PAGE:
7. ​Electricity vampires

​Energy vampires are devices that quietly use electricity all day long, even when you’re not using them. Duke Energy, one of the nation’s largest electric power holding companies, says there are two common energy vampires, which they call “bricks” and “wall warts.” A brick is one of those power plugs for computers and televisions that has a big black box attached to it. A wall wart is a charger that has a large plug. When plugged in, both consume energy, even when the laptop or charger isn’t being used. ​

​Other devices in your home quietly suck electricity all day long. That second television you don't use? It’s draining power. That DVD player you turn on once a year during the holidays to play A Christmas Carol? It’s merrily using power all year long. ​

​You’re not going to turn off the refrigerator to reduce energy, but there are plenty of other devices you can power down when they are not in use. An easy and effective tactic: If you have lots of bricks and wall warts, plug them into a power strip, and turn the power strip off when you’re not using the appliances. ​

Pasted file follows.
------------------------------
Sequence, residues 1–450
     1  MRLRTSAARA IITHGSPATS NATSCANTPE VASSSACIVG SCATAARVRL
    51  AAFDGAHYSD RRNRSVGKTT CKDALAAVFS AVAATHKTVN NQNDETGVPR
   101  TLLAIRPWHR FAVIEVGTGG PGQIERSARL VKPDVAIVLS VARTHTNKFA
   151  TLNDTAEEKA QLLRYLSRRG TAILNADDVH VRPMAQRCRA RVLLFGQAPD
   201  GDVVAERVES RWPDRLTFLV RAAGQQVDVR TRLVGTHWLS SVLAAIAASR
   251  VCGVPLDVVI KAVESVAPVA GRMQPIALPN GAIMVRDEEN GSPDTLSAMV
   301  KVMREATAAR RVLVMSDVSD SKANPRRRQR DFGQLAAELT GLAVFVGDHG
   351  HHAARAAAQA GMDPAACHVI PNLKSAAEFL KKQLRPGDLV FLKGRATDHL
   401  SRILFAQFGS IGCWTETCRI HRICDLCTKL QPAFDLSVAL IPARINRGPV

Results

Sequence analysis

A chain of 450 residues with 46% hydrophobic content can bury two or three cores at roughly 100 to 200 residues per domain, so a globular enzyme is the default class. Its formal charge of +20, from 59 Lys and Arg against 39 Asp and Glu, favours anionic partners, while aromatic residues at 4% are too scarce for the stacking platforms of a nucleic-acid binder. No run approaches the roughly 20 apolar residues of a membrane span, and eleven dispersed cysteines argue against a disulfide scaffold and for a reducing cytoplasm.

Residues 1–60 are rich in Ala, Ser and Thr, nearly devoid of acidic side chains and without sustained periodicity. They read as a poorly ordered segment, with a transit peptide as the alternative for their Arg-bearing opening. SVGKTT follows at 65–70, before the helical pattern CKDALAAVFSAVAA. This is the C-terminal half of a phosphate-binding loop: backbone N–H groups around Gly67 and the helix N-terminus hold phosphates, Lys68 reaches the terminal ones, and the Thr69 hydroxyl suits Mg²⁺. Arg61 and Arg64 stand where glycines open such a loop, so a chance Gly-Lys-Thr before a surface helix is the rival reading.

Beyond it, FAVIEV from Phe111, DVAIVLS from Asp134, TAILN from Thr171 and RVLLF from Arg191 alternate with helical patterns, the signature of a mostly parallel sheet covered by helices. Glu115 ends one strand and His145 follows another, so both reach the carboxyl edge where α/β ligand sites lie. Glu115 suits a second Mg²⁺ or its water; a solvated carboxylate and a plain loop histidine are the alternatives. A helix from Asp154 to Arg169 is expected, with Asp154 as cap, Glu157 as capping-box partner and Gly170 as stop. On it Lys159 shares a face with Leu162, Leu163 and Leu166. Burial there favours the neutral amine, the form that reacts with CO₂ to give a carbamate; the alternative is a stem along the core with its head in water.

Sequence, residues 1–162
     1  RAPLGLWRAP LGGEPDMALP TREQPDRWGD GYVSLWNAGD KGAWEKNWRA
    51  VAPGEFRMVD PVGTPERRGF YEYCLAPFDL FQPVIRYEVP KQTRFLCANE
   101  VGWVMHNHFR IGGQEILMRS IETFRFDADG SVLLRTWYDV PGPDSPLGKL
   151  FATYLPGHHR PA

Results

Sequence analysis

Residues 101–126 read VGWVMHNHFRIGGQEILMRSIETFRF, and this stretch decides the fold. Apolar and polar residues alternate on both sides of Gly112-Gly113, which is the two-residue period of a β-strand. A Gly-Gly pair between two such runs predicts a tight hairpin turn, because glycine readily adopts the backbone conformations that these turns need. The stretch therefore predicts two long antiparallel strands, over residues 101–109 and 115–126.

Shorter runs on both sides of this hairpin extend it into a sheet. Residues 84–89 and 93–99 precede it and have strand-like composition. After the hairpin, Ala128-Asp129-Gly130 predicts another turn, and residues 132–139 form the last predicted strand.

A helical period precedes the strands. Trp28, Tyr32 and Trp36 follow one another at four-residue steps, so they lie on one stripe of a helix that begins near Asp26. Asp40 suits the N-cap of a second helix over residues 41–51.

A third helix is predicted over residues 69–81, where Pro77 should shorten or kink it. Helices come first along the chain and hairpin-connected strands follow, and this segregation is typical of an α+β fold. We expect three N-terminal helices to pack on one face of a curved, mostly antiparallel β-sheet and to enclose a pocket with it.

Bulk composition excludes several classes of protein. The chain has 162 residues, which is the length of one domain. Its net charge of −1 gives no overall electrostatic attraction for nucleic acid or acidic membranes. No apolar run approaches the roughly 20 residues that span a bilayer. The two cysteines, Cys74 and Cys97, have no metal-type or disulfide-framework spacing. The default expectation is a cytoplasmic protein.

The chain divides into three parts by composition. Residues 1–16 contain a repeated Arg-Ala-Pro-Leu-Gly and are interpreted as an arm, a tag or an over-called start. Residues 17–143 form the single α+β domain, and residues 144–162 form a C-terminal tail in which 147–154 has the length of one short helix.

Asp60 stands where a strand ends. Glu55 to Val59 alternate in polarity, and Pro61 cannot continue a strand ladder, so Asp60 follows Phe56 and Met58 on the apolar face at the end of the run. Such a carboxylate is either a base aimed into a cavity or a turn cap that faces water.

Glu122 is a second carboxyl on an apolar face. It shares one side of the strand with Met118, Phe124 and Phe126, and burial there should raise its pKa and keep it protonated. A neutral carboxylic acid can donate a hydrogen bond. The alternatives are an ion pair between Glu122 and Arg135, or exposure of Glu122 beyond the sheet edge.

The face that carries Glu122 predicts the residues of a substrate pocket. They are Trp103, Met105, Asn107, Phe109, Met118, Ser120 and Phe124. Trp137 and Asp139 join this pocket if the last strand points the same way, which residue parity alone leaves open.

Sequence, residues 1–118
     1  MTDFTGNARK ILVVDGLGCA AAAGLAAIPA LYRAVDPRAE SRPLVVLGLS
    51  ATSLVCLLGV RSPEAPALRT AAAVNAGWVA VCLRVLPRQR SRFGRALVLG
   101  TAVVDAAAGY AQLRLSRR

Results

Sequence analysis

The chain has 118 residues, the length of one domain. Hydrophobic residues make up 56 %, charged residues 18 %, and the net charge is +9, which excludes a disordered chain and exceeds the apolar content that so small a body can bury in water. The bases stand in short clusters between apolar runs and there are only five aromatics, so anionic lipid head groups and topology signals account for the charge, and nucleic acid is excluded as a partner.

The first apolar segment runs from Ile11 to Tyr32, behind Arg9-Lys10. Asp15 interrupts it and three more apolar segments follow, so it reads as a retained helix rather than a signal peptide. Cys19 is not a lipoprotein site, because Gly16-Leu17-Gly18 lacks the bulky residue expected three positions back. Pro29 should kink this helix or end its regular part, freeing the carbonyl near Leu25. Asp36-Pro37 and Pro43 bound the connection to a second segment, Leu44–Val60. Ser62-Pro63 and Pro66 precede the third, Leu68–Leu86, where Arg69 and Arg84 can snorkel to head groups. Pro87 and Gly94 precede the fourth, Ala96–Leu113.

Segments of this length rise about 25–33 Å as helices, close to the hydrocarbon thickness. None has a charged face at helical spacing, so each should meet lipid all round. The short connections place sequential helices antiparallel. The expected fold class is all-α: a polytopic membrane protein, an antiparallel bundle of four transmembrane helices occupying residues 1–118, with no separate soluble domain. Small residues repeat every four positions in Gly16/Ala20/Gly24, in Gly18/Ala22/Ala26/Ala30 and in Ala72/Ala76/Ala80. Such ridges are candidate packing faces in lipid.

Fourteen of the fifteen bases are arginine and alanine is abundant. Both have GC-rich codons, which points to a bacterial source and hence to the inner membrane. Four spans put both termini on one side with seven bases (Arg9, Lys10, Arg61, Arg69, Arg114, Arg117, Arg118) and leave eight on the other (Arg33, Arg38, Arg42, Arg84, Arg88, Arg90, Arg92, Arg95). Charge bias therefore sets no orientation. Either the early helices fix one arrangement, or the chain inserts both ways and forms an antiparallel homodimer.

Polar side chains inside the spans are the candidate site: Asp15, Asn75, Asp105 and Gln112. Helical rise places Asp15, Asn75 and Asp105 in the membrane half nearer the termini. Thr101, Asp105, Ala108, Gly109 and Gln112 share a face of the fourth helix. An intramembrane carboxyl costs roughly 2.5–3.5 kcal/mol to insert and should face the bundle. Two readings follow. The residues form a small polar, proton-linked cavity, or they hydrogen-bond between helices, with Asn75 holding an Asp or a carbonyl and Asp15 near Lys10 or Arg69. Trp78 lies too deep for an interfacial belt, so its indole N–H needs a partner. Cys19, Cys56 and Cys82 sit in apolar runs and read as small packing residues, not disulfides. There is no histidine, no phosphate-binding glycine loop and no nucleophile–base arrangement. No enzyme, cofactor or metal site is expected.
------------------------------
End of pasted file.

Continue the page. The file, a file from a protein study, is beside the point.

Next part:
8. ​Books 

​A good book is a wonderful thing to have and hold, and a full bookshelf is a wonderful sight. But do you really have to own all of them? The average cost of an adult fiction paperback is $17.89, according to The Library Network, and hardcover fiction will set you back, on average, $27.45.​

​You can get free books at your local public library. You can also get e-books and DVDs, as well as helpful advice from your librarian. (Some libraries will even lend you tools.) All you have to do is return your books on time or pay a nominal late fee. In fact, many libraries are eliminating fines altogether. In some cases, the libraries figure that ending late fees will increase the number of users by eliminating the Walk of Shame to the book return counter by those who kept their books too long.

9. ​​Hoarding​